This rewrite rate is a little higher than Ahref’s number (63%), and that’s not due to featured snippets being included in these figures; we took them out. This difference between our overall rewrite rates could be explained by us including more keywords that are rewritten more often. There were some dimensions with high variance in the rewrite rate, and we could have selected for those unknowingly.
The rewrite rate isn’t uniform by position, though. Here’s the rewrite rate by position for the first three pages of results.
The data includes featured snippets in the first position, so that explains the spike there. But do notice the “bump” from positions 4 to 6. Why would Google rewrite meta descriptions in those positions more than others?
I speculate that since positions 1-3 get the most click-through rate, Google might be trying to boost the relevance for 4-6 to get more clicks before users leave the page or search for something else.
The other interesting thing in this data is how the rewrite rate tends to increase with position. I’ve noticed that the results on pages 2 and 3 aren’t the most relevant query, so maybe Google is trying to pull a more relevant excerpt from the page. I think that’s plausible because the results on pages 2 and 3 might not even be targeting my query.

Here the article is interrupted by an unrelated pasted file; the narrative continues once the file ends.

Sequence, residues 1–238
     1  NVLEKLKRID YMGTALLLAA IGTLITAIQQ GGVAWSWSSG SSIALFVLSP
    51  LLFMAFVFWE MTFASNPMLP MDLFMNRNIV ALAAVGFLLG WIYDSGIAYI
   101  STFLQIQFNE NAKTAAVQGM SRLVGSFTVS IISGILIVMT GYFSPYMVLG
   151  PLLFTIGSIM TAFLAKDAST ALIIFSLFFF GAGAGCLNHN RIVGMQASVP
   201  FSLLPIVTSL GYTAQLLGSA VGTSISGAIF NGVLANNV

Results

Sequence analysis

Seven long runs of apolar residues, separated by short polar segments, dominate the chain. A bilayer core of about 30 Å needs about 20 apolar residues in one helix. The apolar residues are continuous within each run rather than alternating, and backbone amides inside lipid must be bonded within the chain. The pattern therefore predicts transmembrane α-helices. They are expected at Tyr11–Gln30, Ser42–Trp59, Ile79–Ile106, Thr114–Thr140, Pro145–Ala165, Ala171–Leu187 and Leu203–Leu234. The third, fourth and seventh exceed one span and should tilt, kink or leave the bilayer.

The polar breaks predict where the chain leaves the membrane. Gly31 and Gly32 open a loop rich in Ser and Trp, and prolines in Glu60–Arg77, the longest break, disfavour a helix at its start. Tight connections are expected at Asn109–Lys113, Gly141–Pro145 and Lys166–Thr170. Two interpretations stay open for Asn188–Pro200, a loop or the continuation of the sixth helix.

I expected a more uniform rewrite rate over our keyword set when we bucketed them by search volume, but there is a clear trend with mobile having a higher rewrite rate.
I’m fairly confident of the relationship between search volume and rewrite rate: the higher the search volume of the keyword, the less likely Google is to rewrite the meta description. It’s not a linear relationship, though; our x-axis is log scale here.
So why do we see this relationship? I think it’s because SEOs tend to focus on writing meta descriptions for head terms more than the long-tail. If you’re ranking on the first page for a keyword with 1 million searches per month, you are likely aware of that and put significant effort into your meta description. You’re probably not hyper-focusing on the 10 searches per month terms, and they probably vary too much to even target with any one description.
What about query length? Would we also see a similar trend for queries with more characters since they tend to be long-tail queries?
Just like search volume, long-tail queries tend to have search result snippets that don’t use the page’s meta description.
Desktop and mobile results are very similar, with mobile having a slightly higher rate of Google ignoring the meta description. We didn’t have many queries in our data set with more than 45 characters, so we don’t know much past that.
As long as we had scraped search results, we thought it would be nice to have recent numbers on meta description display limits. Even though meta description display space is limited by pixel width, targeting an ideal pixel width is difficult with meta descriptions because there is often a gap of unusable space at the end of the first row. This makes character counts easier to work with and communicate.